Non-profit websites are a very different animal than the average business website, and it's not just because of the content that they're expected to host. Non-profits have some unique challenges when it comes to designing their websites, and these five mistakes often lead to a poor user experience for visitors.
Mistake #1: Neglecting Mobile
We all know how important smartphones are becoming, but many non-profits are still maintaining separate mobile sites or neglecting mobile altogether. This is unacceptable in today's marketplace! More than 60% of website users are using their mobile phone to access the web. The first step to improving your conversion rates on your site is making sure that you're providing an excellent experience for those visiting from their phone browser.
A mobile-optimized website is one that has a responsive design, which means the site will automatically adjust to various screen sizes. This type of design ensures your users are getting an optimized experience on their device regardless of whether it's a desktop computer, tablet or smartphone. It also allows you to offer more content and information for visitors because each page isn't as limited by size.
Mistake #2: Not Understanding Your Target Audience's Needs
A site that isn't catered to the needs of its visitors won't receive very many repeat visits and may not even be ranked well in search engines. To determine what your target audience is looking for, you need to do a little research before moving forward with any design or content planning.
You should talk to staff members if they are available, review past data on who has visited the website (if possible) and use analytics tools like Google Analytics. Once you have this information it will help shape how your site looks as well as what type of content goes onto each page so users can find exactly what they're looking for quickly and easily.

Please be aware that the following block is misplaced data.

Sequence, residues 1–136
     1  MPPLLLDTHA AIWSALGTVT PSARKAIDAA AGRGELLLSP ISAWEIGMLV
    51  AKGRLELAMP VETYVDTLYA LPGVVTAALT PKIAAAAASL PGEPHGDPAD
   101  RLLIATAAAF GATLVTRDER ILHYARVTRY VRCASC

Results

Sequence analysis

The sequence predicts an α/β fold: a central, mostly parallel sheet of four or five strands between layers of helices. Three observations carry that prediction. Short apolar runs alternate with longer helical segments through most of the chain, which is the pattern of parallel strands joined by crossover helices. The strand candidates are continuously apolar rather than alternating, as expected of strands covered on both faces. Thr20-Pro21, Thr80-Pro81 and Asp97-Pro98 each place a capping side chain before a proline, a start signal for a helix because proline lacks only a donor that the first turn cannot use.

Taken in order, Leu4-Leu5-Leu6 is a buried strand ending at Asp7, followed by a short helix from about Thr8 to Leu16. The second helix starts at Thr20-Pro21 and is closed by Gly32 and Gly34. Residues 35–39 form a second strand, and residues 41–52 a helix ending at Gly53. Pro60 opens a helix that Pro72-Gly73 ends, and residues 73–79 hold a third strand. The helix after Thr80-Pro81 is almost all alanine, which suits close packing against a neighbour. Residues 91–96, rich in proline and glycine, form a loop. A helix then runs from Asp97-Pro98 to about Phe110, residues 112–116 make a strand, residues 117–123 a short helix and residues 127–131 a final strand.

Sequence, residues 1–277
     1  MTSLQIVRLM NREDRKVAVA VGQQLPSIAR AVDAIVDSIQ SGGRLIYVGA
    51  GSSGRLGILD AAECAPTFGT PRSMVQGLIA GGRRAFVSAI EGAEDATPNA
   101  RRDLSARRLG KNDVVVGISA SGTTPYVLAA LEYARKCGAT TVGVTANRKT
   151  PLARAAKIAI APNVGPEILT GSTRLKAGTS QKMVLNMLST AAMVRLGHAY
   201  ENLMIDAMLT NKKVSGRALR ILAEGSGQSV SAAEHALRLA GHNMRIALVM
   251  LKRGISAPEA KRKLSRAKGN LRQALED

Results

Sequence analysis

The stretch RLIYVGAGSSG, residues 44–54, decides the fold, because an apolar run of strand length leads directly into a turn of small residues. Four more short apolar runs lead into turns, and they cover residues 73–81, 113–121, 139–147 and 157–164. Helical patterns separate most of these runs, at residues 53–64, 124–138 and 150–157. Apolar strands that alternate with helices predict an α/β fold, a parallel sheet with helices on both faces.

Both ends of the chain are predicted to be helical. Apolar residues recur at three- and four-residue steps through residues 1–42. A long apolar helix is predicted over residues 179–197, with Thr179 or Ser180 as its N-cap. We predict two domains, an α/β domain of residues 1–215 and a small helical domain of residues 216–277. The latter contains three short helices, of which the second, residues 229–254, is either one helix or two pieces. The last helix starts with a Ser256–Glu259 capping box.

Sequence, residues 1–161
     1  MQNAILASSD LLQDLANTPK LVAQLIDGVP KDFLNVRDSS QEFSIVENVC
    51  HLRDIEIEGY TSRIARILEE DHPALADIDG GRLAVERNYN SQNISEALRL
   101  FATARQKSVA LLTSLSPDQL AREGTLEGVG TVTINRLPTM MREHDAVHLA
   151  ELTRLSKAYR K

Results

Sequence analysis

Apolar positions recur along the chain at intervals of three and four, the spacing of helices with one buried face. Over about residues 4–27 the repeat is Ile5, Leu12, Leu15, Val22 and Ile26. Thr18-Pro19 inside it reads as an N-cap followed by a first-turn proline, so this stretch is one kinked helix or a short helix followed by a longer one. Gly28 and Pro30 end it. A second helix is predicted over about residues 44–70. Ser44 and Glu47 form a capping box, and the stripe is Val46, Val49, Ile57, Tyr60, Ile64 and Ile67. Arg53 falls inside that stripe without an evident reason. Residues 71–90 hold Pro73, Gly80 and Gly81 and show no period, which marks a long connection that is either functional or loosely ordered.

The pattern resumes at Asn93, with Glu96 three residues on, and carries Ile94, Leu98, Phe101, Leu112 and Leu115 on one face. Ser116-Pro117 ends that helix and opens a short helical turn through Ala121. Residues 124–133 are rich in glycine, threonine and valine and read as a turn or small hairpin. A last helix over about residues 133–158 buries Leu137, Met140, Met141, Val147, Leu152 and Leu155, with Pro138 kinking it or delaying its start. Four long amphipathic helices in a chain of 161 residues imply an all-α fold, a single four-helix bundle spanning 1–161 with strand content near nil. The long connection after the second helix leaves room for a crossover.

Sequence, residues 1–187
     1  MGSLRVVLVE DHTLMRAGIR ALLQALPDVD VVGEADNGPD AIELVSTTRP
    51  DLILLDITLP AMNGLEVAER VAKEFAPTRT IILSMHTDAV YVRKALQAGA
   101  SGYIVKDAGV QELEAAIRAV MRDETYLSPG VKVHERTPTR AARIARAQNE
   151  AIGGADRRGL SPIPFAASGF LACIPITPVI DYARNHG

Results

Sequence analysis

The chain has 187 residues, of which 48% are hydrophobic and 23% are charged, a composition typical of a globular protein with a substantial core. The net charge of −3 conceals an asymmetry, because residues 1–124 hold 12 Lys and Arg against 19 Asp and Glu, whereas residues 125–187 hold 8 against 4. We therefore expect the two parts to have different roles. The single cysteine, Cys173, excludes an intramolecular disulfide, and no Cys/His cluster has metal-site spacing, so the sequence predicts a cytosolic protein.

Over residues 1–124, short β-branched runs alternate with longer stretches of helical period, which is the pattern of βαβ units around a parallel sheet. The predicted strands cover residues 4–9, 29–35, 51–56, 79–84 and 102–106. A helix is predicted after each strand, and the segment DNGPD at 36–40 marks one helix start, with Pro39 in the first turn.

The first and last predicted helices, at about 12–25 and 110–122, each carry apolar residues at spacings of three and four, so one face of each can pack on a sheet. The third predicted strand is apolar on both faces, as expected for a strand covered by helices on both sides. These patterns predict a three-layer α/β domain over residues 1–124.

Mistake #3: Ignoring Analytics Data
Pay close attention to your analytics data and use it for what is best for the project. Your analytics can tell you how many people are visiting each landing page, and if the content on your landing pages is improving the overall conversion rate. For example, if your conversion rates are low for a particular landing page, you may want to put more time and effort into improving the content on this page.
Different analytics tools will provide different information so it is best to utilize as many data points as possible. For example, Google Analytics offers demographics reports that show what type of people visit each website.
Mistake #4: Failing to Set Clear Goals
The goal of any website is to engage with visitors and encourage them to take action, whether that be filling out a contact form or buying a product. However, without clear goals in mind for the site's design and content, it can become difficult to measure success.
Failing to set clear goals can lead to a website that doesn't meet the needs of your company. If you're unsure what kind of website is best for your business, don't hesitate to contact Eternity Marketing. We'll be able to help you out by assessing your current situation and determining the best course of action moving forward.
Mistake #5: Lacking Outreach Strategies
Non-profits can be even more difficult to market than for profit businesses. Non-profit organizations often don't have the funding or resources to invest in marketing, so they must rely on word of mouth and strategic outreach strategies. When designing and developing a new website for a non-profit organization, ensure that you are implementing CTA's that align with your outreach strategy.
Some of the typical outreach strategies that a nonprofit organization should employ are:
- Active social media accounts and email newsletter. Do not be afraid to utilize emojis, and ask for a customer referral when it feels right.
- Engagement in online communities with your target market including Facebook groups, LinkedIn Groups or even forums. Offer help where you can, but also promote your own content - people will notice!
- Doing something unique on an annual basis is often what sets one organization apart from others in their industry segment - so have fun coming up with new ideas each year. For example, Earth Day (April 22) could be celebrated by holding gardening workshops at schools within an area near you.